Groupon Deal Pushes Bakery To Brink of Bankruptcy
"Twelve Cupcakes with a Choice of Flavours and Designs for £6.50 from Need a Cake. Value £26."
That is what Rachel Brown, 50, posted to Groupon UK, an international branch of the daily deals giant, in the hope of attracting new customers to her online-order bakery. Selling her hand-designed cupcakes at a 75 percent discount was going to cost her £2.50 ($3.90) a box. But that seemed like a small price for a lot of exposure.
It did, that is, until 8,500 Groupon users took her up on her offer, reports the Daily Mail. That $33,150 loss was compounded by the £12,500 ($19,500) in wages Brown had to pay to the 25 supplemental workers she hired to labor day and night, as well as extra distribution costs.
Brown lost her profits for the entire year in the 100,000 cupcake-making frenzy.
"Without doubt, it's the worst ever business decision I have made," she said. "It's been an absolute nightmare."
Brown had originally wanted an even more demanding national UK deal, according to Julie Mossler, the Director of Communications for Groupon. But it was Groupon that recommended a more gradual approach, in which the deal was rolled out to 15 smaller markets in succession.
"We checked in prior to opening each market as well as in the weeks after the deal, and the merchant was nothing but happy," says Mossler. "We were surprised to hear she'd gone to the press but we're working closely with her to see what we can do to help."
Need a Cake isn't the first business to be squeezed tight by a Groupon deal. There were several such stories in early 2010, and last New Year's, the president of a Japanese restaurant management company resigned after hundreds of Groupon customers received "osechi" meal boxes much smaller, sparser and sloppier than the promised bounty.
Afterward, Groupon, Inc., CEO Andrew Mason posted a subtitled apology on YouTube. The company faced a lot of criticism that its speedy global expansion came at the expense of a sound business model.
Groupon is "a loan sharking business," claimed the web strategist Rocky Agrawal in TechCrunch in June. The merchants received a cash payout upfront -- 50 percent of the total revenue from their offer -- but then had to give deep discounts for the next year, sometimes hurting their bottom line.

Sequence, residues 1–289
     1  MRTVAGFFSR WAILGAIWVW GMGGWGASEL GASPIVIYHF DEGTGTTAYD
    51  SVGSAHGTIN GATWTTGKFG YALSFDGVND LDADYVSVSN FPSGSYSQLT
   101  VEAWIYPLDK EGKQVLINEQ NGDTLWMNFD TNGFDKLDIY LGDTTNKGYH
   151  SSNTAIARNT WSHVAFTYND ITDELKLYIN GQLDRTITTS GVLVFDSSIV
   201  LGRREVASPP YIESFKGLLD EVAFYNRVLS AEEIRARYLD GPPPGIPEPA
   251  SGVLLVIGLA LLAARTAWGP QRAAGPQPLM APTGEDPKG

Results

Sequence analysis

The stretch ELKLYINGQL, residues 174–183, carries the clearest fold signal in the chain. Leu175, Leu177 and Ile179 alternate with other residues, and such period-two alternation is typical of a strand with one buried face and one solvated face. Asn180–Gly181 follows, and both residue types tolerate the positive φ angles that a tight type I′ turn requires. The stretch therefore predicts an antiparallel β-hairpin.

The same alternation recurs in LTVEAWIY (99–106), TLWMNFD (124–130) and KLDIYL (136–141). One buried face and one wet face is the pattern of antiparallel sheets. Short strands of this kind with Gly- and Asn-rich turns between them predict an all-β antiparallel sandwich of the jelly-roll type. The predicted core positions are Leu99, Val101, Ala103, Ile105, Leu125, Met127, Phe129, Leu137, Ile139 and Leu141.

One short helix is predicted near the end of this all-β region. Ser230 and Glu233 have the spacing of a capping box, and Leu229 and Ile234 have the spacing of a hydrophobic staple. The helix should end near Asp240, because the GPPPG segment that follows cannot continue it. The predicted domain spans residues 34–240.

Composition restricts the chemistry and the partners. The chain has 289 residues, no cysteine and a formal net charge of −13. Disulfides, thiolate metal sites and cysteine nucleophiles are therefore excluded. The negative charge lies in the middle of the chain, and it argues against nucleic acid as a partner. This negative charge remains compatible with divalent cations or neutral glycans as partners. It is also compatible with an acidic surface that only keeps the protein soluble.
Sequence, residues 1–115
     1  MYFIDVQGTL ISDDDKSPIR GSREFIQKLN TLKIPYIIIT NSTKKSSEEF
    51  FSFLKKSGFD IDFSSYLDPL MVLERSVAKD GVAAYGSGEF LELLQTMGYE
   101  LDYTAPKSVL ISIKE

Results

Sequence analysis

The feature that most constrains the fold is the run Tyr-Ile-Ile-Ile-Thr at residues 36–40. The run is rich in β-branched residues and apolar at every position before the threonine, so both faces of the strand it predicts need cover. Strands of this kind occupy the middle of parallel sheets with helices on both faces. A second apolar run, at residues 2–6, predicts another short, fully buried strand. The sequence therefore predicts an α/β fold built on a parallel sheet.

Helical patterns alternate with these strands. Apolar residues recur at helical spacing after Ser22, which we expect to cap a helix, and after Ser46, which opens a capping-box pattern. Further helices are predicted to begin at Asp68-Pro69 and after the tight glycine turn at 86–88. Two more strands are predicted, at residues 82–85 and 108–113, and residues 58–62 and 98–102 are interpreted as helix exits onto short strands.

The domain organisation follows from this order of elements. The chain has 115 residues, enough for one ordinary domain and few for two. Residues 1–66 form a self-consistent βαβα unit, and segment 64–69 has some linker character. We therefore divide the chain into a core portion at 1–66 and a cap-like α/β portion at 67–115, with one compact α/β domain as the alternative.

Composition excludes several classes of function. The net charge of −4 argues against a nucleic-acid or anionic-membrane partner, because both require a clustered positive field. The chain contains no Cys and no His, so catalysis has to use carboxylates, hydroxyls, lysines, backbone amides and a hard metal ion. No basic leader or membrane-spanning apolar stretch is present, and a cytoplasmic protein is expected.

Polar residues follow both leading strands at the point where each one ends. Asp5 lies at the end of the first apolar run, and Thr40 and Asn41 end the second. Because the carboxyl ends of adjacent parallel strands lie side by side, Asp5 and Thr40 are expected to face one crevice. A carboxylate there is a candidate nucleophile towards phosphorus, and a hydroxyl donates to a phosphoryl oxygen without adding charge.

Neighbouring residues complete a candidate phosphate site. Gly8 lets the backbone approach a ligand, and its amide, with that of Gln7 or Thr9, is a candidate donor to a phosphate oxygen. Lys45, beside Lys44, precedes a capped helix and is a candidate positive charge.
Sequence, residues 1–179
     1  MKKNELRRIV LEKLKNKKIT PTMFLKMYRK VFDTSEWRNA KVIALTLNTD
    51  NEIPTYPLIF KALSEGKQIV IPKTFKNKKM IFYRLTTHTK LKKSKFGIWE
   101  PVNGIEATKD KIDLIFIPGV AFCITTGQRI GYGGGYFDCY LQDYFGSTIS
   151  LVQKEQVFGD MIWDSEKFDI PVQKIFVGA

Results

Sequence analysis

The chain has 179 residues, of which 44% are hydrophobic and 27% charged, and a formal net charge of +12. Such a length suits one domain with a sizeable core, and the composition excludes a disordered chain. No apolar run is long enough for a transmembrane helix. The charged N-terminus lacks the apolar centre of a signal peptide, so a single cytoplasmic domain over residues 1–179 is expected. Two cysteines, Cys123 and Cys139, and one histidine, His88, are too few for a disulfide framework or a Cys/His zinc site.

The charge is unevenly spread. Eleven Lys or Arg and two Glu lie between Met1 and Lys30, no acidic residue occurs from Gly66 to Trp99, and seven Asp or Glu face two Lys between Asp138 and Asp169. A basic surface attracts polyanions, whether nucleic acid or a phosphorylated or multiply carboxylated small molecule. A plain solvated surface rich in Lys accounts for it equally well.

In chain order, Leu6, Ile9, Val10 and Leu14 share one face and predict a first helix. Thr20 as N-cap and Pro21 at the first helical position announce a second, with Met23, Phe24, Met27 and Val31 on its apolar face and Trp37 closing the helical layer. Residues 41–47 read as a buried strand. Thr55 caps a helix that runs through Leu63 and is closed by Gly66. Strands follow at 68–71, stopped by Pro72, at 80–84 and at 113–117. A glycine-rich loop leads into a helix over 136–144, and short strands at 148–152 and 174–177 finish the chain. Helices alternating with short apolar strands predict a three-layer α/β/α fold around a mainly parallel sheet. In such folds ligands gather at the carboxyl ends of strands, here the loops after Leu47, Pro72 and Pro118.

These are "incredibly expensive advertising campaigns" in disguise, he said.
Some merchants suffer from a "your eyes are bigger than your stomach syndrome," explains Mossler over the phone. They ask for as many new customers as possible, even if it's more than they can handle.
"In the U.S. in early 2010 we would have said OK because we trusted the merchant to know what maximum capacity was for their business," Mossler wrote via email. "You can't really look at a business owner and say we know your business better than you."
But Groupon wanted its deals to help its merchants. Repeat businesses are the backbone of its service, and an "osechi" style horror story is bad press for everyone involved. This would have been particularly damaging in the lead-up to the company's Initial Public Offering earlier this month. Andrew Mason had to convince investors that his young business model could be a real David to the Goliaths -- Google and Amazon.
The company's NASDAQ debut was ultimately impressive: Groupon sold $700 million worth of stock its first day, a tech IPO second only to Google's. But many financial commentators criticized the company for using a tiny float -- just a 5.5 percent stake -- to inflate demand.
Groupon has always had policies in place to prevent merchants from overextending themselves. The daily deals site assesses the capacity of the business, and recommends the number of deals it should offer. Now it may even mandate a cap.
All the merchants get called the day of the deal, notes Mossler. And they can always close the deal early if the traffic becomes overwhelming. "It's not like you sign on a dotted line," she says. "We're happy to jump in and close the deal in real time if it sells more aggressively than anticipated," she added via email.
Merchants have total control over their discount, except for its description. That is the exclusive work of Groupon's writers, who compose witty ditties in accordance with Groupon's particular editorial voice.
"We run literally more than 100,000 deals a day internationally," she says. "It's no different than any other form of marketing. A business should know what's manageable."
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Claire Gordon has contributed to Slate's DoubleX, the Huffington Post, and the book Prisons: Current Controversies. While an undergraduate at Yale University and a research fellow at Yale graduate school, she spoke on panels at Yale and Cornell, and reported from Cairo, Tokyo, and Berlin.
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